It’s been a couple of weeks since it was actually discussed near me, but the issue came back to me in the shower this morning (not sure why but hey, let’s roll with it!)

Somebody at the Drink and Draw meetup had commented on how they had recently begun finding the word ‘Gwailo’ a bit awkward, having previously thought it a quaint nickname. For those of you not in the know, ‘Gwailo’ is the term used by Hong Kong Chinese to refer to white westerners, usually in an affectionately disparaging way (bear with me on this).

Said person had discovered that Gwailo meant ‘white devil’, and realised the racist and potentially hateful connotations of the word. As, in all fairness would (and should) everybody. While it’s not a word I use regularly myself (and I resent it being applied to me as doing so would be inaccurate and insulting to me and my family), I can tell you that it’s not (usually) used in anything but the most affectionate of ways. The word doesn’t mean ‘White Devil’, it means ‘Devil or Ghost Man’, a comment on the pale appearance of the travellers from Britain. Yes, it almost certainly had its roots in colonial-era racism and I wouldn’t for a minute dream of using it in common everyday conversation; It really ought to be consigned to the same scrapheap that the N word or the Ch-y word belong to.

However, I would remark that in modern times, it’s not really used in the same way that was originally intended, due in no small part to the willingness of the Hong Kong British to adopt Gwailo as a kind of badge of pride. While Gwailo does still see its usage as a term for the ‘foreign invaders’, especially when directed against expats, more often than not it’ll be used as a shorthand for ‘westerner with western customs’ or ‘a bit clueless’ rather than something outright malicious. My uncles often call my father ‘the Gwailo’, but it’s never meant as an insult; He’s the only white guy in the family, and he’s got a reasonable grasp on much of asian culture, but he’s not necessarily going to get involved in it. And we might rib him for it, but really, we don’t mean anything by it, because we appreciate that he appreciates the culture without necessarily getting involved himself.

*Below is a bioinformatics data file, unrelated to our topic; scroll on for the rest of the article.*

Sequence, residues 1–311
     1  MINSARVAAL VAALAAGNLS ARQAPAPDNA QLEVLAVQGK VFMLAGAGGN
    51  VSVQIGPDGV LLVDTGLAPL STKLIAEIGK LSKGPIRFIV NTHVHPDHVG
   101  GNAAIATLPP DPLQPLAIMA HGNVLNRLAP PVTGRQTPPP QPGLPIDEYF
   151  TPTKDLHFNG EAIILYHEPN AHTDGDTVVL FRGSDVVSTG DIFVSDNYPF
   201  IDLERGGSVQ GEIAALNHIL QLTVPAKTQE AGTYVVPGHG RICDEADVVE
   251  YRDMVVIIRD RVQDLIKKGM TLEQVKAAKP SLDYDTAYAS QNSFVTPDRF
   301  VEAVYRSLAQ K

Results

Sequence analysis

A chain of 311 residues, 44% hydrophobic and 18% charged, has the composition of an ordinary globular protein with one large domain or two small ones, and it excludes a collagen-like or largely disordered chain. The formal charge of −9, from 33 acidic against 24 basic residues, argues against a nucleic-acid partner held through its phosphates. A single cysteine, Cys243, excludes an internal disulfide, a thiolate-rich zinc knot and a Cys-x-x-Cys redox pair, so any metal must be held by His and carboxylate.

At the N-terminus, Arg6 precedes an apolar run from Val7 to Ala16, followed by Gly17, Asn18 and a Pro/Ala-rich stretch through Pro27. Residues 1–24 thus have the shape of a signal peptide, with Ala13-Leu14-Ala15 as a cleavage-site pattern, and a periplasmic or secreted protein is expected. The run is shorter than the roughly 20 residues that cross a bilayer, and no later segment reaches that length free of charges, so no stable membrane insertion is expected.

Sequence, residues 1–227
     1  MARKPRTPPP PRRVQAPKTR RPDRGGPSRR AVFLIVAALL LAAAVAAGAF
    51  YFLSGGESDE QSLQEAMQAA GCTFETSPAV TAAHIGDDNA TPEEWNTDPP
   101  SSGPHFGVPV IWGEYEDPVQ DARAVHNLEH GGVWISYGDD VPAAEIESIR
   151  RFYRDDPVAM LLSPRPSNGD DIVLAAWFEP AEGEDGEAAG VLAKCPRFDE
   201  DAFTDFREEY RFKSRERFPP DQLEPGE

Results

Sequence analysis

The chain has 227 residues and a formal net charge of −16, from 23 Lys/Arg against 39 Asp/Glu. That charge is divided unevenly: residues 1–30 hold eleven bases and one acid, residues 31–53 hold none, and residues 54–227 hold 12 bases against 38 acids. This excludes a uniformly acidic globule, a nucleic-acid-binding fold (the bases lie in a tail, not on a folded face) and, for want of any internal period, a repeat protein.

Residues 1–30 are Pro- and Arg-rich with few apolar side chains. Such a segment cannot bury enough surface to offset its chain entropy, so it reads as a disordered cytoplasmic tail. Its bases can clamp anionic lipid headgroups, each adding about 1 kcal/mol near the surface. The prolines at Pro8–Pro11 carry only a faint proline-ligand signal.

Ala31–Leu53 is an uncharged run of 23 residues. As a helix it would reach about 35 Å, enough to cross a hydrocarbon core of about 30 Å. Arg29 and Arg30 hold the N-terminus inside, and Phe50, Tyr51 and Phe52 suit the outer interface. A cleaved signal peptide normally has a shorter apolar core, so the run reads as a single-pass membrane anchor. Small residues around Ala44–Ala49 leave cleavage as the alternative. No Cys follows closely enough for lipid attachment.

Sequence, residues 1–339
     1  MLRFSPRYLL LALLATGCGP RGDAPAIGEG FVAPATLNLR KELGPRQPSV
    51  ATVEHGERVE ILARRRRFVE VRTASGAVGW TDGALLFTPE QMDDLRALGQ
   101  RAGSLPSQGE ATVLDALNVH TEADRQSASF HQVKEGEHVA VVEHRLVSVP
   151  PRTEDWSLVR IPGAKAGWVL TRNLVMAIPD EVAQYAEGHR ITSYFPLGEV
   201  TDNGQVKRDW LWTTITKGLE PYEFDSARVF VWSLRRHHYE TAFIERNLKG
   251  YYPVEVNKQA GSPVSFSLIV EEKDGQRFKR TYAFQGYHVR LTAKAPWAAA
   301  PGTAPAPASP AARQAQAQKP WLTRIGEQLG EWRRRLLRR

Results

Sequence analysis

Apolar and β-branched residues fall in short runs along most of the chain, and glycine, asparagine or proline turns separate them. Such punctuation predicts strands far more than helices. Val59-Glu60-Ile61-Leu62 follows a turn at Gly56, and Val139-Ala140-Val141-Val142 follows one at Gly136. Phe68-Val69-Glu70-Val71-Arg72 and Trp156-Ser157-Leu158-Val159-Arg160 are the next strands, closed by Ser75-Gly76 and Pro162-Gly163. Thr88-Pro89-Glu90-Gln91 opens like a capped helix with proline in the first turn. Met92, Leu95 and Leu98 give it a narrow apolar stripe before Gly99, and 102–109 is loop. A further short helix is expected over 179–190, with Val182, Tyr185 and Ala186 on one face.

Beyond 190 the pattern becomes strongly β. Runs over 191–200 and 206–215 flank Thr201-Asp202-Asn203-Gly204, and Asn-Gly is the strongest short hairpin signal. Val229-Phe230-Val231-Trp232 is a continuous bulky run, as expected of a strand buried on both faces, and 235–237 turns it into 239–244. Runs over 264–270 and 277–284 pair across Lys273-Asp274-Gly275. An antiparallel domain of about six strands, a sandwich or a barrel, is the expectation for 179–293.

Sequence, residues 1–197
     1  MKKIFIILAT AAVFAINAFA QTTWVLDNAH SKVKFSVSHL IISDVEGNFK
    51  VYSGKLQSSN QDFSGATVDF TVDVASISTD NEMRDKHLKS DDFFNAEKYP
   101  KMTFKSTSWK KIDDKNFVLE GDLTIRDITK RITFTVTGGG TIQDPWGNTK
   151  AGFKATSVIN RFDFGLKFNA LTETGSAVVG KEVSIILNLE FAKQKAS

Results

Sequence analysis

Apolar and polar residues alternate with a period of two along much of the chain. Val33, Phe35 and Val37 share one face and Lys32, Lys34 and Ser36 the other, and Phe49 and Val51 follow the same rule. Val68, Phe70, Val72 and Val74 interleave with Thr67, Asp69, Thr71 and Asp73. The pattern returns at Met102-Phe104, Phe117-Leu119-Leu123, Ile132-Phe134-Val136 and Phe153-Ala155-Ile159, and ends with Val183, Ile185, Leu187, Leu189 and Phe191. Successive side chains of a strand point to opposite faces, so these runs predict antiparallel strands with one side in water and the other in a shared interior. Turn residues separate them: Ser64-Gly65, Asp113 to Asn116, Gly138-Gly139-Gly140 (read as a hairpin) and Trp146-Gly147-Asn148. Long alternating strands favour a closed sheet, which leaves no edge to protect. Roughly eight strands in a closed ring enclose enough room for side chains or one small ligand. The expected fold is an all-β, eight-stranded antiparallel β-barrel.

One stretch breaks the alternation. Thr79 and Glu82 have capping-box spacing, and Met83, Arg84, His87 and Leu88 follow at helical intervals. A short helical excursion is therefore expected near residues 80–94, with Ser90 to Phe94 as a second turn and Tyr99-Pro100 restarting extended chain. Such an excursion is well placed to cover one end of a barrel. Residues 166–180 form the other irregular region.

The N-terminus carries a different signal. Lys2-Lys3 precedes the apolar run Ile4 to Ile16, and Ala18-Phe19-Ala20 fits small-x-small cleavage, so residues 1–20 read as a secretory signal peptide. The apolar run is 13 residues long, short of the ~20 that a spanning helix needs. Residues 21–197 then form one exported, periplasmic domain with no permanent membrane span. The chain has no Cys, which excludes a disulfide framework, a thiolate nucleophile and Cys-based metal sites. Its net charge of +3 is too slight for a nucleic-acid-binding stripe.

Because let’s face it: I can just about get away with praying at a buddhist temple, but it’d look a bit… Weird if he were to do so.

But in all seriousness: Remember, if anyone ever calls you a Gwailo, try and judge the tone! It’s probably not meant to be a slur against you and your race, but if you ever feel uncomfortable it’s perfectly cool to ask us not to call you that. After all, how many times have I asked my friends to stop using the Ch-y word to refer to a Chinese Takeaway?

Joi gin!